Bristol will host the PUSH! Film Festival for its second year on Oct. 21-23 and will debut 72 films from local artists in or from Tennessee and Virginia.
Workshops will also be held during the weekend festival. With so much happening, there will be three separate venues for all of the films and activities: The Paramount Center for the Arts, The Birthplace of Country Music Museum and the Bristol Public Library.
The goal PUSH! is aiming to fulfill is reaching out to the community and exposing these films to new audiences. Their title was gained from the original Bristol sign that read “PUSH! That’s Bristol.” Like the sign, the film festival reflects on the growth of the city and the culture they want to create.
Program director Rusty Sheridan is an RTVF professor at ETSU and said entries were received from all over, including local middle schools and high schools.
The festival is meant to “celebrate film and entertain people,” Sheridan said.
This year marks a new record of films being shown, as last year’s screenings only included 40 films. PUSH! also received more sponsors this year. Sheridan is hoping the festival will steadily grow into a larger and longer festival. He said he would like the festival to be at least 10 days.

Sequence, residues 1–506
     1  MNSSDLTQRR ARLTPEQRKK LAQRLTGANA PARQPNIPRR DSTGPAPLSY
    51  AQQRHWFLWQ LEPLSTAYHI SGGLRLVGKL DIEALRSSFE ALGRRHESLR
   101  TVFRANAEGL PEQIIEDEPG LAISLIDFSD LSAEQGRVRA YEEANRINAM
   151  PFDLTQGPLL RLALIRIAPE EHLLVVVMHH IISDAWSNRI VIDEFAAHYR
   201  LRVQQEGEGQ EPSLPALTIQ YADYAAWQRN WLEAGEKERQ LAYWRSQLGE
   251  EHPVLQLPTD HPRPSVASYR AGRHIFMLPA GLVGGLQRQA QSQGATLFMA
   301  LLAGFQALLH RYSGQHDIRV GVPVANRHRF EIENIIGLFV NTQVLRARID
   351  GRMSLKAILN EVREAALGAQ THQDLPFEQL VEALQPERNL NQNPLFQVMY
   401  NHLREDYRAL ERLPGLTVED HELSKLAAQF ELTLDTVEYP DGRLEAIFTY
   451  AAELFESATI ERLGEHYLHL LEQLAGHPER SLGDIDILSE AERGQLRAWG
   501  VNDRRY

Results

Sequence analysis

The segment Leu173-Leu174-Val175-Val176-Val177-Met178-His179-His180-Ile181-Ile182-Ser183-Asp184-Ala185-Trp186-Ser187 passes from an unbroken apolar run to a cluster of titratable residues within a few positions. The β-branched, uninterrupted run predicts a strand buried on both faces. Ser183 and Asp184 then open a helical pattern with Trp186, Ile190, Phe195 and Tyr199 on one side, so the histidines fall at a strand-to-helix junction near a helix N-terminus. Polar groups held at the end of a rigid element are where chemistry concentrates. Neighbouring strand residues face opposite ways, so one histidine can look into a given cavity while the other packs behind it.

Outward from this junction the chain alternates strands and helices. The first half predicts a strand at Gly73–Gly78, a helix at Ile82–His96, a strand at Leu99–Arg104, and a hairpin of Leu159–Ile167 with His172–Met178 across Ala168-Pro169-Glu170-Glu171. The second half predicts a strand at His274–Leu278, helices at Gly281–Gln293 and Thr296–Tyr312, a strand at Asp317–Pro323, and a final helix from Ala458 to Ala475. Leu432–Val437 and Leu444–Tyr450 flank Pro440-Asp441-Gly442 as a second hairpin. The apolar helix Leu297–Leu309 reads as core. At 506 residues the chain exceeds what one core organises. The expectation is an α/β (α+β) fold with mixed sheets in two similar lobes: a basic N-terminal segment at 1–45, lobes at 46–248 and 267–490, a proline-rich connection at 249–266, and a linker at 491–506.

ETSU filmmakers Tim Abelseth and Ryan A. Renfro made the cut in submissions. Both will be attending the opening premiere on Oct. 21.
Abelseth’s entry, “Erika’s Dream,” is about a former student carrying on the life work of her college mentor by completing the development of a device used to talk to the dead through a dream.
“I originally wanted to do something about death, about a relative or mentor, and that’s what we came up with, a device to talk to the dead,” Abelseth said.
This short film was shot locally in Johnson City and on the ETSU campus, utilizing one of the residence halls as a set.
Renfro, on the other hand, traveled to Bristol for the shooting of his short film “Bae.”
“The whole film is about kids getting married, essentially, 20/21-year-old students getting married,” Renfro said.
This is a personal issue for Renfro, as he was engaged to his high school girlfriend at the age of 18. He’s grateful they never got married, because he believes it wouldn’t have ended well. Like many Americans, he’s a child of divorce, so this film speaks for Renfro personally on the institution of marriage.
Renfro’s film breaks the fourth wall, a unique technique used where the characters not only talk among themselves but also to the audience.
Both filmmakers had fun in the development of their films, but both agreed it was emotionally challenging.
“It’s always fun, but it’s always heart-wrenching and anxious and exciting and a dumb idea. That’s the best way I can sum up filming,” Renfro said. “You put so much into it, and then it never meets your expectations.”
Despite the hardships of being an artist, both filmmakers agreed that they love filmmaking. It’s more than just a hobby for them.
“There is nothing else that I’d rather do,” Renfro said.